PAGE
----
2792. Association of Body Mass Index with Rates of Hospitalization in Patients with Respiratory Viral Infections—Puerto Rico, 2012–2018
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2792. Association of Body Mass Index with Rates of Hospitalization in Patients with Respiratory Viral Infections—Puerto Rico, 2012–2018

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  • Alternative Title:
    Open Forum Infect Dis
  • Description:

    Obesity is a serious public health problem in Puerto Rico, where 31% of the population is obese. Multiple studies have suggested that adults with influenza who are underweight, overweight, or obese have increased risk of hospitalization compared with those of normal weight. We sought to determine whether risk of hospitalization among patients infected with influenza or other respiratory viruses differs by BMI among patients in Puerto Rico.


    We analyzed data from patients enrolled in the Sentinel Enhanced Dengue Surveillance System (SEDSS), a prospective study of patients with acute febrile illness (AFI), from May 2012 to September 2018. We evaluated those older than 24 months, who had height, weight, and clinical disposition recorded, and tested positive by RT–PCR for infection with influenza A (n = 1253), influenza B (n = 844), adenovirus (n = 435), respiratory syncytial virus (n = 289), parainfluenza virus (n = 361), metapneumovirus (n = 247), or coronavirus (n = 15). BMI categories were determined using standard cutoffs in adults and BMI-for-age percentiles for children and adolescents. Risk of hospitalization by BMI category was calculated using multivariate Poisson regression.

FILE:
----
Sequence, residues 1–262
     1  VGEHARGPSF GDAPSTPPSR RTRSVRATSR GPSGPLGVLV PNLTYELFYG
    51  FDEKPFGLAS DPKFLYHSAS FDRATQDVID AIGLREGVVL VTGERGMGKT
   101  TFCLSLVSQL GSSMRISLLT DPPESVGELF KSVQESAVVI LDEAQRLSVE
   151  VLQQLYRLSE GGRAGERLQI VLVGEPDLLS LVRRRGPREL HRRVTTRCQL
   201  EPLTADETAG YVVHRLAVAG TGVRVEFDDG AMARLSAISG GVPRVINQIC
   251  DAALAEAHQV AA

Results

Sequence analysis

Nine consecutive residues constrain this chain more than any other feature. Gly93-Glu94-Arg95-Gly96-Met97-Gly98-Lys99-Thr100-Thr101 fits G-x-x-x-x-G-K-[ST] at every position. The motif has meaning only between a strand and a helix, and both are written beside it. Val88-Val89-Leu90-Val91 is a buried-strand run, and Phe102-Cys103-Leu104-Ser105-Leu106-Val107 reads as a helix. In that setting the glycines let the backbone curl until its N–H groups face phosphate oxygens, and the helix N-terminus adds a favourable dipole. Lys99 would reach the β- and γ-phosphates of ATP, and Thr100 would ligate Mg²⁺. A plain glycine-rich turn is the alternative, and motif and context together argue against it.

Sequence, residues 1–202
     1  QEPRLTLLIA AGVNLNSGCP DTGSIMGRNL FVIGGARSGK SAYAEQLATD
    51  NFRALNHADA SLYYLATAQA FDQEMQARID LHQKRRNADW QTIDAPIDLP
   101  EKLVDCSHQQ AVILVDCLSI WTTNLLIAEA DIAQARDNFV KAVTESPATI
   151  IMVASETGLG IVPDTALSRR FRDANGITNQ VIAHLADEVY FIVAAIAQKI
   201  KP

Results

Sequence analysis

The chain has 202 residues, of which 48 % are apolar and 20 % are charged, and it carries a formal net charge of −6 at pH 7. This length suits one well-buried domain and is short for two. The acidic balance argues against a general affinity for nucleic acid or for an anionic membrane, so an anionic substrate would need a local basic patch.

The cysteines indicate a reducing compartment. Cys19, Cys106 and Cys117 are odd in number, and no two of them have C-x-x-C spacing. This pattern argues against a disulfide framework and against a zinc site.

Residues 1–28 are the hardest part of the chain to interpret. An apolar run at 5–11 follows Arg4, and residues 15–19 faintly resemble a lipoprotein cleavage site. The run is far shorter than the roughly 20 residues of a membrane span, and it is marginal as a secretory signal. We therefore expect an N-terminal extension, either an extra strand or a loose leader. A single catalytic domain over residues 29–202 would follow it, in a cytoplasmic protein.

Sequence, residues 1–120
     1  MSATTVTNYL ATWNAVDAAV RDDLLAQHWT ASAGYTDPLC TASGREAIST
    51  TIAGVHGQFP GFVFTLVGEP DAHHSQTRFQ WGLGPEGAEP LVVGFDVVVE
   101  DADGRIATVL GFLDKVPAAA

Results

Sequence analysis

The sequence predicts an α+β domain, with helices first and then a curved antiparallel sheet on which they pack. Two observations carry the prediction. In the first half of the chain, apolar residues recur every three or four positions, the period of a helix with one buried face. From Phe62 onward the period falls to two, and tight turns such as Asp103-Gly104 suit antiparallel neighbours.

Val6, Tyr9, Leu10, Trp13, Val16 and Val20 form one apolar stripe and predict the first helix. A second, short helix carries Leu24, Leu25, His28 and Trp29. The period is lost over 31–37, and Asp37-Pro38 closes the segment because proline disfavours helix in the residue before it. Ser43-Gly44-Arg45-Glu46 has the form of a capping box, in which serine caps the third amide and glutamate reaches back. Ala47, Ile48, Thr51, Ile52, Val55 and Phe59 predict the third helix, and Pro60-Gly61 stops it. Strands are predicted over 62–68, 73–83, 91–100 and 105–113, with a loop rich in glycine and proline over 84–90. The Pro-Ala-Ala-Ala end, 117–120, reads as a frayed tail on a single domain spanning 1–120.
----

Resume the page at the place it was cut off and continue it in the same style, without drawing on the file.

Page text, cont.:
Among the 3,388 patients included, 675 (20%) were overweight, 926 (27%) were obese, 405 (12%) were underweight, and 1382 (41%) were normal weight. Median age was 13.4 (range: 2–100 years), and 50% were male. Risk of hospitalization was not significantly different in children and adult patients infected with a respiratory virus who were overweight relative to those that had normal BMI; however, once hospitalized, obese individuals of any age had a mean length of hospital stay 1.7 days longer than normal weight persons (95% CI: 0.27–3.17 days). Among adult patients, underweight patients were nearly 3 times more likely to be hospitalized compared with normal weight patients (relative risk 2.8, 95% CI: 1.4–5.9). Underweight children were not at increased risk of hospitalization.


    Among patients infected with a respiratory virus, risk of hospitalization was higher among underweight adult patients, and obese patients had a longer mean length of stay once hospitalized. Body mass index should be considered when evaluating risk and managing these patients.


    All authors: No reported disclosures.

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